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Robert G. Moser, Chair BAT 2.116, Mailcode A1800, Austin, TX 78712 • 512-471-5121

Spring 2005

GOV 365N • Judicial Politics at Home and Abroad

Unique Days Time Location Instructor
36455 MWF
2:00 PM-3:00 PM
BUR 136
Brinks

Course Description

Course number may be repeated for credit when topics vary. Upper-division standing required.

This course carries out a comparative study of the nature of courts and law, and their position in political systems around the world. The course is fairly theoretical, and organized thematically rather than focusing on one country or legal tradition at a time. The main themes of the course include the following: the political and regime logic giving rise to judicial power, the differences among legal traditions, competing theories about how courts make decisions, the meaning of judicial independence and the extent to which it can be found in different systems, and the implications of all this for the potential effectiveness of courts as a tool for social and political change.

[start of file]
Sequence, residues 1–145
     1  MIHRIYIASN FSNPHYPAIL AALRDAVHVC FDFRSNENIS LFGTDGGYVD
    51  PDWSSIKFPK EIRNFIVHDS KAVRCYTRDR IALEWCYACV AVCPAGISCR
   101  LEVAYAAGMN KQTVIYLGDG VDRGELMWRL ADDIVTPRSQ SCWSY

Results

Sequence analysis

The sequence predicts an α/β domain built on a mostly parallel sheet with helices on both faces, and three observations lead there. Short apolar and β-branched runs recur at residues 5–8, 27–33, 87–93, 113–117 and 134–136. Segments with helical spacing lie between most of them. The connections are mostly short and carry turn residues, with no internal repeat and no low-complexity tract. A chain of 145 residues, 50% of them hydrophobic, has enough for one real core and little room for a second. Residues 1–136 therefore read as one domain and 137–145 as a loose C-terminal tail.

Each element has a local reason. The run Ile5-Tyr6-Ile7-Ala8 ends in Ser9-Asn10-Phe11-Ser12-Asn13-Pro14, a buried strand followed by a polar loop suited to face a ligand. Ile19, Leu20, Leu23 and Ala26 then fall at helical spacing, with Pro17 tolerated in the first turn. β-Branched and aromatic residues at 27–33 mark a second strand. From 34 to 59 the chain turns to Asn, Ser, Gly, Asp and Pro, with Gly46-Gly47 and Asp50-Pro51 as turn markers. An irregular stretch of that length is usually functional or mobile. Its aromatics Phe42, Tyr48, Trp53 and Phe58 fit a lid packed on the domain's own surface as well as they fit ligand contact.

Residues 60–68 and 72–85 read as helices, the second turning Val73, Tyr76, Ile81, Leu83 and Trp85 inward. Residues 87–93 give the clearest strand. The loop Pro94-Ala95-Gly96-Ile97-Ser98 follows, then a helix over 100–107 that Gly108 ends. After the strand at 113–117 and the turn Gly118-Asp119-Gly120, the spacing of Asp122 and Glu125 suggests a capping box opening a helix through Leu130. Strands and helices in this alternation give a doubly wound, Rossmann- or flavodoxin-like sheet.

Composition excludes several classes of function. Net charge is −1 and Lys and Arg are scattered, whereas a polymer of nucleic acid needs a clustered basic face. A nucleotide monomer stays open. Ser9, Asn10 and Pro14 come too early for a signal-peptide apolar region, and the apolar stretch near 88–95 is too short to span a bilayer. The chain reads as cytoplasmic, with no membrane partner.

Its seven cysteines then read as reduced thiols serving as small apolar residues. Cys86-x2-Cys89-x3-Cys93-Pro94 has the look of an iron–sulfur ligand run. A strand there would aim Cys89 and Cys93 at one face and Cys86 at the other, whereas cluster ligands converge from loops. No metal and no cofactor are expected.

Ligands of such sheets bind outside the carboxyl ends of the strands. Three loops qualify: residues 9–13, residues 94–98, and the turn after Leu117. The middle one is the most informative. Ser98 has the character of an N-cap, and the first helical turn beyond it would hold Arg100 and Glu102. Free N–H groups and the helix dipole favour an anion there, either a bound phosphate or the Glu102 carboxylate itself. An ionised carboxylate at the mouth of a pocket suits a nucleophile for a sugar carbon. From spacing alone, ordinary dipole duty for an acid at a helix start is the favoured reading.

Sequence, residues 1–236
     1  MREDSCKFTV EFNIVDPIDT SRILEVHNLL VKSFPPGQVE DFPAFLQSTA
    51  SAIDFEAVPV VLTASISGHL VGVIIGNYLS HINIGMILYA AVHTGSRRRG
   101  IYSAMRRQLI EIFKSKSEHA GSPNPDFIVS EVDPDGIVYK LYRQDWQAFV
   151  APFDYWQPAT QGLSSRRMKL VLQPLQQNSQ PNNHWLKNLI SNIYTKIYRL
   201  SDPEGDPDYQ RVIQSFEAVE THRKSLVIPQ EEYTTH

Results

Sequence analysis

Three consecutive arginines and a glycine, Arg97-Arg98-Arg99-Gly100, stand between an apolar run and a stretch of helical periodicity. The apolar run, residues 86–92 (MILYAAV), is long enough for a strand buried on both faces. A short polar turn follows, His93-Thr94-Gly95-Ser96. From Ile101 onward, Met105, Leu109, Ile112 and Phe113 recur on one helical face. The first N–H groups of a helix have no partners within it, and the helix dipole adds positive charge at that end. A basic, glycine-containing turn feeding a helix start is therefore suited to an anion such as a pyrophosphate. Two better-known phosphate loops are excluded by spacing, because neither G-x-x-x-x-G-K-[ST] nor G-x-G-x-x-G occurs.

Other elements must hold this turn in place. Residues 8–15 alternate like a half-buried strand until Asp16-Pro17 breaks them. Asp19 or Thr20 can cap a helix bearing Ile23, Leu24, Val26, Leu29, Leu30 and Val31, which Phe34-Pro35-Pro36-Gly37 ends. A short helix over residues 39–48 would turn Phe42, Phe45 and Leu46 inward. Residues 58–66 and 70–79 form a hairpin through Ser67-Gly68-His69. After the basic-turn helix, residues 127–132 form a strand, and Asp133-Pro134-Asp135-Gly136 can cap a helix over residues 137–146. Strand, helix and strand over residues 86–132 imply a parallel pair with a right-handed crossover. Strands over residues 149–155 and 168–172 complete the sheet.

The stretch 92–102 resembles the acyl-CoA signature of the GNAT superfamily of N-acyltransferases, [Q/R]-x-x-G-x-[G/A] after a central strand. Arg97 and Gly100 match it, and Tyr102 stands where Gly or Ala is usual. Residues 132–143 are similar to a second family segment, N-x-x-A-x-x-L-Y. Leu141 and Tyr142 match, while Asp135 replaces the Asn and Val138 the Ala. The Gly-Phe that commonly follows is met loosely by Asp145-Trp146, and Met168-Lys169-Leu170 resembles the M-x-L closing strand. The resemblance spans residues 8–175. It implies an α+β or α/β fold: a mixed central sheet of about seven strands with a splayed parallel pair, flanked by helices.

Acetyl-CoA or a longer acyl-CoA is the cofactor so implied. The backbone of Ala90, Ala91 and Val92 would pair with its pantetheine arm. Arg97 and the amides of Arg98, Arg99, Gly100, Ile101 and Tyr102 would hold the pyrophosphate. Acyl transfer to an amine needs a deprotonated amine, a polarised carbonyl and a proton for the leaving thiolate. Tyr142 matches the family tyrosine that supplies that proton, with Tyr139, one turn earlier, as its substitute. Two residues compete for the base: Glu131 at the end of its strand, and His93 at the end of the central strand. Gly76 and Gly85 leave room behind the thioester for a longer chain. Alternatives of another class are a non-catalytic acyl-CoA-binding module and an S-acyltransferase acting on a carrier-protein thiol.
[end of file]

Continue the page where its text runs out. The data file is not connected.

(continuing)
Texts

Students will not read pre-digested summaries or textbooks, but original social science research. As a result, we will be engaging critically with the readings. We will test authors' claims against the evidence they present, challenge the logic of their arguments, and question their conclusions. The readings are often quite challenging, ranging from qualitative to econometric analyses, and containing both historical discussions of the evolution of legal systems and more philosophical discussions about what the law is and the function it serves. You do not need to know statistics to take the course, but some of the readings will be more intelligible if you do. Some of the readings are also quite long. Class time is devoted primarily to critique and discussion of the readings. I will assume that students come to class prepared. I expect to test that level of preparation with frequent questioning during class and occasionally with short written questions administered at the beginning of the class. The readings are cumulative and students are expected to apply what we learn earlier to subsequent materials.

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